1. Bettye J. Gardner, “Opposition to Emigration, A Selected Letter of William Watkins (The Colored Baltimorean),” The Journal of Negro History 67.2 (Summer 1982) 155.
1. Elmer P. Martin, and Joanne M. Martin, "Daniel Coker, Community Leader," Baltimore Sun 19 February 1998: 19.
2. Christopher Phillips,
Port: The African American Community of Baltimore, 1790-1860 (Champaign,
IL: University of Illinois Press, 1997) 161.
2. Carolyn Weekley, et al, ed. Joshua Johnson: Freeman and Early American Portrait Painter (Williamsburg, VA: Abby Aldrich Rockefeller Folk Art Center, 1987).
3. William Thompson and James L. Walker, The Baltimore Town and Fell’s Point Directory (Baltimore, MD: Pechin, 1796) 55.
4. Gardner 155.
4. Martin 19.
Hazel V. Carby, Reconstructing Womanhood: The Emergence of the Afro-American
Woman Novelist (New York, NY: Oxford University Press, 1987) 65.
5. Freedman, David. "African-American Schooling in the South Prior to 1861." The Journal of Negro History 84.1 (Winter 1999) 1-47.32.
5. Laurie F. Maffly-Kipp, Setting Down the Sacred Past: African-American Race Histories (Cambridge, MA: Harvard University Press, 2010) 212.
5. Laurie F. Maffly-Kipp and Kathryn Lofton, eds., Women's Work: An Anthology of African-American Women's Historical Writings from Antebellum America to the Harlem Renaissance (New York, NY: Oxford University Press, 2010) 29.
5. Hilary J. Moss, Schooling Citizens: The Struggle for African American Education in Antebellum America (Chicago, IL: University of Chicago Press, 2009) 113.
6. William Still, The Underground Railroad (Philadelphia, PA: Porter & Coates, 1872) 755.
7. Qtd. in Shirley Wilson
We are Coming: The Persuasive Discourse of Nineteenth-Century
Black Women (Carbondale, IL: Southern Illinois University Press, 1999)
7. Qtd. Elaine B. Richardson, and Ronald L. Jackson, eds., African American Rhetoric(s): Interdisciplinary Perspectives (Carbondale, IL: Southern Illinois University Press, 2007) 33.
8. Watkins, William, "Address
Delivered Before the Moral Reform Society, in Philadelphia, August 8, 1836,"
Negro Writing: 1760-1837 (Ed. Dorothy Porter. Baltimore, MD: Black
Classic Press, 1995) 155-166.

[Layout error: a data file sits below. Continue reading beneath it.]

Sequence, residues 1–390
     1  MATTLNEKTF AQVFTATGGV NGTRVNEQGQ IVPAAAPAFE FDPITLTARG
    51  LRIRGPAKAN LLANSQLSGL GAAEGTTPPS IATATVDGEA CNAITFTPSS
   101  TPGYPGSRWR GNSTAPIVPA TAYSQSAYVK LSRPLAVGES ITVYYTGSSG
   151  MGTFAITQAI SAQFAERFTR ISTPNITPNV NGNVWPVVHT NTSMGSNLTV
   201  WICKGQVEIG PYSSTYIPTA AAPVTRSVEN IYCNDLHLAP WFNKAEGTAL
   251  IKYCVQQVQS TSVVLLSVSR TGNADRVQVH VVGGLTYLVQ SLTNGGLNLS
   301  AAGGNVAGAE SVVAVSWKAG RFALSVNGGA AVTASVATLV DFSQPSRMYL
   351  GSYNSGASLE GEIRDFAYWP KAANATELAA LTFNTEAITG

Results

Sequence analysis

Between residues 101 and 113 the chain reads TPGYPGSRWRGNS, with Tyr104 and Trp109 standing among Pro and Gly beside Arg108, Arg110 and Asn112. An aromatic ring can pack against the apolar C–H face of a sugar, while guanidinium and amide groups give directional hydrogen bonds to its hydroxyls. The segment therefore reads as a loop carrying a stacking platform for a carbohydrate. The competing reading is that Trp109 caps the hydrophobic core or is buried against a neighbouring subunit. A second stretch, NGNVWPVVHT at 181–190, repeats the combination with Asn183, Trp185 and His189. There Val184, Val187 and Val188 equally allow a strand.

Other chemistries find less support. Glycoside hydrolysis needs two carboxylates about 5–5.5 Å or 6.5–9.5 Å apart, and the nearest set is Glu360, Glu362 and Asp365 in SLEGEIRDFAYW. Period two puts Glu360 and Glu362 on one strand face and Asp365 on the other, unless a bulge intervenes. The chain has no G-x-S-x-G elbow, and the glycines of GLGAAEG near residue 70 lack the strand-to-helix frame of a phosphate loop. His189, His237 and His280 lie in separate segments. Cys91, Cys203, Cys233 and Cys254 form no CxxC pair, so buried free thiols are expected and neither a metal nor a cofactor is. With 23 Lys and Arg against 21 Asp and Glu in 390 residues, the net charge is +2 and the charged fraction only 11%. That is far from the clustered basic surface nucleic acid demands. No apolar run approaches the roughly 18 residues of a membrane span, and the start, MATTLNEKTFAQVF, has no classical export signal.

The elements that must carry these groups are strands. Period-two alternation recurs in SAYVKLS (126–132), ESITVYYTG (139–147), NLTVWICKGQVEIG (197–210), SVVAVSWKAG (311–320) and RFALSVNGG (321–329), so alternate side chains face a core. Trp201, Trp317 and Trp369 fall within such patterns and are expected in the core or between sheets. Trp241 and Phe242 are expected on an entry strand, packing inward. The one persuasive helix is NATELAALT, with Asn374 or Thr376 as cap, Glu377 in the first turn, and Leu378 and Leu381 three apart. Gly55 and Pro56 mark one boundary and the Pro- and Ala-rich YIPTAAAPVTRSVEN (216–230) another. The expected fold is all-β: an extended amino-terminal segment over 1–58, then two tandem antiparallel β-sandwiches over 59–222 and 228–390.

8. Bette Gardner, "Ante-bellum Black Education in Baltimore," Maryland Historical Magazine 71.3 (1976) 360.
8. Howard H. Bell, "The American Moral Reform Society, 1836-1841." The Journal of Negro Education 27.1 (Winter 1958) 34.
Christopher Phillips 161.
9. U.S. Census Bureau (Census Record, MD) for William Watkins, 1850, Baltimore City, Ward 16, Page 248, Line 41 [MSA SM61-128, SCM 1490].
9. U.S. Census Record (MA) for William Watkins, Bristol, New Bedford, Ward 4, Page 199, Line 14. Ancestry.com.
9. Peter C. Ripley, ed., The Black Abolitionist Papers: The United States, 1847-1858 (Chapel Hill, NC: University of North Carolina Press, 1991) 444.
10. U.S. Census Bureau (Census Record,
MD) for William Watkins, 1850, Baltimore City, Ward 16, Page 248, Line
41 [MSA SM61-128, SCM 1490].
10. Logan 48.
10. Maffly-Kipp Setting Down the Sacred Past 242.
10. Shirley J. Yee, Black Women Abolitionists: A Study in Activitism, 1828-1860 (Knoxville, TN: University of Tennessee Press, 1992) 26.
10. Ripley, The Black Abolitionist Papers: Canada, 1830-1865, Vol. 2 (Chapel Hill, NC: University of North Carolina Press, 1986) 234.
11. Gardner "Opposition to Emigration,"
11. Glenn O. Phillips, "Maryland and the Caribbean 1634-1984: Some Highlight," Maryland Historical Magazine 83.3 (1988) 208.
12. Qtd. in Christopher Phillips 188.
13. Qtd. in Ripley 234.
14. Qtd. in Gardner, "Opposition to Emigration," 156-158.
15. Leroy Graham,
Nineteenth Century Black Capital (Lanham, MD: University Press of America,
14. Melba Joyce Boyd. Discarded Legacy: Politics and Poetics in the Life of Frances E.W. Harper (Detroit, MI: Wayne State University Press, 1994) 37.
16. Ripley 234.
17. U.S. Census Bureau (Census Record,
MD) for William Watkins, 1820, Baltimore City, Ward 11, Page 465, Line
7 [MSA SM61-63, SCM 2064].
17. U.S. Census Bureau (Census Record, MD) for William Watkins, 1830, Baltimore City, Ward 11, Page 407, Line 13 [MSA SM61-83, SCM 66].
17. U.S. Census Bureau (Census Record, MD) for William Watkins, 1840, Baltimore City, Ward 11, Page 209, 2nd line from bottom [MSA SM61-101, SCM 4715].
17. U.S. Census Bureau (Census Record, MD) for William Watkins, 1850, Baltimore City, Ward 16, Page 248, Line 41 [MSA SM61-128, SCM 1490].
18. U.S. Census Record (MA) for William
Watkins, Bristol, New Bedford, Ward 4, Page 199, Line 14. Ancestry.com.
18. Ripley 234, 446, 485.
18. Christopher Phillips, Freedom's Port, 280.
18. Moss 165.
19. W.R. Brown,
Toronto Directory, 1856 (Toronto, Canada: MacLear & Co., 1856)
19. W.C.F. Caverhill, Caverhill's Toronto City Directory, for 1859-1860 (Toronto, Canada: W.C.F. Caverhill, 1859) 200.
19. Ripley 234.
20. William Wells Brown. "The Colored
People of Canada." The Black Abolitionist Papers: The United States,
1847-1858 (Ed. Peter C. Ripley. Chapel Hill, NC: University of North
Carolina Press, 1991) 463.
20. Ward, Samuel Ringgold. Letter to Henry Bibb and James Theodore Holly. The Black Abolitionist Papers: The United States, 1847-1858. Ed. Peter C. Ripley. Chapel Hill, NC: University of North Carolina Press, 1991. 224-228.
21. Brown 19.
21. Caverhill 200.
21. Ripley 234, 463.